The Test was umpired by KT Francis from Sri Lanka and Barry Lambson, a local. By his own admission Lambson wasn't feeling particularly confident about his game, which was strange, he says, given that he'd umpired in England versus New Zealand Test at Old Trafford earlier that year (for which Rutherford had given him "an outstanding mark") and had umpired in the Austral-Asia Cup in Sharjah the previous April.
Things really began to sour on the fourth afternoon, when Lambson gave Rutherford out leg-before to McMillan for 26, half an hour before the close. Neither Rutherford nor Jack believes it was out, but Lambson is adamant the decision was the right one. Railing at the perceived injustice, Rutherford either smashed his bat against the closed door of the umpire's room (Lambson's version) or damaged a vending machine (Jack's version). He was asked to appear before match referee Peter Burge after play.
Matters got worse on the fifth morning, when Lambson called back Fleming after giving him out caught behind. "I'd done a couple of matches in the [ODI] quadrangular series in East London where I wasn't particularly good," he admits. "The thing was that when Burge called Ken in, Brian Basson [the cricket affairs manager at CSA] said he was 100% behind me. But Brian was never really behind you. He just wasn't that kind of guy."
The New Zealanders were bristling because on day three they believed Lambson had got things wrong when he rejected a caught-behind appeal against Cronje off Morrison early on in the captain's innings. Rutherford remembers a sotto voce apology at the end of the over, while Lambson remembers an institutional lack of support.
As it was, the South Africans' first-innings lead of 152 - built on the back of Cronje's 112 - proved decisive. New Zealand's second-dig 239 meant the hosts only needed to score 89 to win the Test and the series. This they did at a canter, wrapping up with seven wickets.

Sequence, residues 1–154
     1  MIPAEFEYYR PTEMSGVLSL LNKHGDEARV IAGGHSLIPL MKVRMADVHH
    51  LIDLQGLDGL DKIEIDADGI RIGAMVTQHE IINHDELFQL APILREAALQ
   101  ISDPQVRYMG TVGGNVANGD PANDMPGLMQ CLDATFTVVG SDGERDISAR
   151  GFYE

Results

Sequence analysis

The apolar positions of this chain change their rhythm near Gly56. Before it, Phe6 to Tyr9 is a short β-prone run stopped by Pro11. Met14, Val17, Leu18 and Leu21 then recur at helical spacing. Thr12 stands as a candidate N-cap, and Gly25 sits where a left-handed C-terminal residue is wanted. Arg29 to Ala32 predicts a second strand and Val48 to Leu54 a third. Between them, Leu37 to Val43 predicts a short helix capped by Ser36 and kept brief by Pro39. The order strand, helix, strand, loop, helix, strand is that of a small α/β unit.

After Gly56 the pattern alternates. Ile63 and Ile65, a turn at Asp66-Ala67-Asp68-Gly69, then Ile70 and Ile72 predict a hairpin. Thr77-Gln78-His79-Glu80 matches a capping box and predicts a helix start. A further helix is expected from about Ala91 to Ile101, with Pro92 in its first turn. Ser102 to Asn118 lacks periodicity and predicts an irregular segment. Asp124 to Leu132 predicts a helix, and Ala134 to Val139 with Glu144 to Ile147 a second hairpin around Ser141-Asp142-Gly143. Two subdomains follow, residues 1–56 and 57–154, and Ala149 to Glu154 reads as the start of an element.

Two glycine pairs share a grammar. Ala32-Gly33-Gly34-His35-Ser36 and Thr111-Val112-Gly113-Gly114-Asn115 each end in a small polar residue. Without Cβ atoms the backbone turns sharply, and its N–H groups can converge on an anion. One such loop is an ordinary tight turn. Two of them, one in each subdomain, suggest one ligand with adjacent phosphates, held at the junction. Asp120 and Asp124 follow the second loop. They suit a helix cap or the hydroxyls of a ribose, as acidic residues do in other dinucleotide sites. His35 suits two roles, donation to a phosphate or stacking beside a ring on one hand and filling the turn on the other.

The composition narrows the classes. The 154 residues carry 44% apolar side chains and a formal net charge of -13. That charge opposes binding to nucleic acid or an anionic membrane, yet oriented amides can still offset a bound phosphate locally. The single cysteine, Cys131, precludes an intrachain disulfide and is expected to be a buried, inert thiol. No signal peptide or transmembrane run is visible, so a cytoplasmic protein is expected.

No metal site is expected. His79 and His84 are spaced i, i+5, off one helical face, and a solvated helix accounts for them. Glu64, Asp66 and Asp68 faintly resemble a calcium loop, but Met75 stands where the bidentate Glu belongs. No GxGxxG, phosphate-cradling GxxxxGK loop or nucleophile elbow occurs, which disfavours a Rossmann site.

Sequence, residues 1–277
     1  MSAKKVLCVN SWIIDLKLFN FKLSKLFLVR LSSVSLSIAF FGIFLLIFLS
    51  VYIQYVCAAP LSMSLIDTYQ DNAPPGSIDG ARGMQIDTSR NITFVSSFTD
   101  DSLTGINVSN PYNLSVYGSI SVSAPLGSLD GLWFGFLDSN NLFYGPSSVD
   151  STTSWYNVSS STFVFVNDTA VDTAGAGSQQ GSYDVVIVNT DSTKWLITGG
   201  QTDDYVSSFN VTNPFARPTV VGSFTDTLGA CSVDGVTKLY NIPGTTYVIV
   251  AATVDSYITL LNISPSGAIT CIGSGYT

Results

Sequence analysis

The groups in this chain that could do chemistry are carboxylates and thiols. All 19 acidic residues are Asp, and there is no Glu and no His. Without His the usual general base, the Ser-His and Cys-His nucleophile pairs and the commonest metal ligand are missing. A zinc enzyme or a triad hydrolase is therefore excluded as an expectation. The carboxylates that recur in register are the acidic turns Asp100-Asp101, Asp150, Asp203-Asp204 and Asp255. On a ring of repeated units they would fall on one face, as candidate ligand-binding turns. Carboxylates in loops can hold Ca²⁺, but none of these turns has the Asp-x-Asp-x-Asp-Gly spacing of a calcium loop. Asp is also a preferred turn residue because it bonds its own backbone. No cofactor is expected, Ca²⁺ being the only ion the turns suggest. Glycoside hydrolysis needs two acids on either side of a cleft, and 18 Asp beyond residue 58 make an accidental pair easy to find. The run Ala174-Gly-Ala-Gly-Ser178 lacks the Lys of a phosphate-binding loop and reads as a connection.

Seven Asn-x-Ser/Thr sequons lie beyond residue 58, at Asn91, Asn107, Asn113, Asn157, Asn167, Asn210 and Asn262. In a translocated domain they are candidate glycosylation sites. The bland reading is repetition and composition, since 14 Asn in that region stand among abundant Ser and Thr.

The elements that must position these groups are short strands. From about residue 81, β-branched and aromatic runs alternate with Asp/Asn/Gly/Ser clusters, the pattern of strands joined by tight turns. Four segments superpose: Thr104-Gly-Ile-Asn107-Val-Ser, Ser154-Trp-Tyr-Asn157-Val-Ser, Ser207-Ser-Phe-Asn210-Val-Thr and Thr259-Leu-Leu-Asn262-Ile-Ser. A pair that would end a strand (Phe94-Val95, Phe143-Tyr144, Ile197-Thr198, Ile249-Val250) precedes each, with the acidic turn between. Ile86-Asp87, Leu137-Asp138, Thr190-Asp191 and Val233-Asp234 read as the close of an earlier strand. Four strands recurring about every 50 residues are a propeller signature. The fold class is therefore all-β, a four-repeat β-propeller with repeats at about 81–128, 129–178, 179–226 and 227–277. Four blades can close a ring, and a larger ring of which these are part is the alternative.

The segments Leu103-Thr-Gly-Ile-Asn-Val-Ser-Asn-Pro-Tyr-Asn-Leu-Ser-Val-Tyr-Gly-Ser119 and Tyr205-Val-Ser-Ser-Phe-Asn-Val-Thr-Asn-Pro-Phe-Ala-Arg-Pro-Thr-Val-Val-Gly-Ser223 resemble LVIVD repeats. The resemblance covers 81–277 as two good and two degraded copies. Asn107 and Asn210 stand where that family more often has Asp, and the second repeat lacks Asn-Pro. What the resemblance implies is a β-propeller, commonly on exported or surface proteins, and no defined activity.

Rutherford only played five more Tests for New Zealand, while Jack's run at Newlands was the last of his two Tests, a hurt that smarted for years. Rutherford made friends and influenced people while in South Africa, his penchant for attacking cricket, dry humour, and sometimes antic hunches always keeping the game alive.
Things soured in New Zealand when he and his team returned and, having been offered the overseas-professional gig at Transvaal for the coming season, he returned to captain the side, initiating a happy and successful period for the province.
"I thought he was an absolute prick," remembers Jack. "But I always noticed that his players loved him. They couldn't do enough for him. After training one night just after he arrived, we had a long chat over a couple of beers and he said to me that when I was an opponent things were different but now we were in the same side together, he needed ten mates. We became such great mates that I was master of ceremonies at his wedding."
Luke Alfred is a journalist based in Johannesburg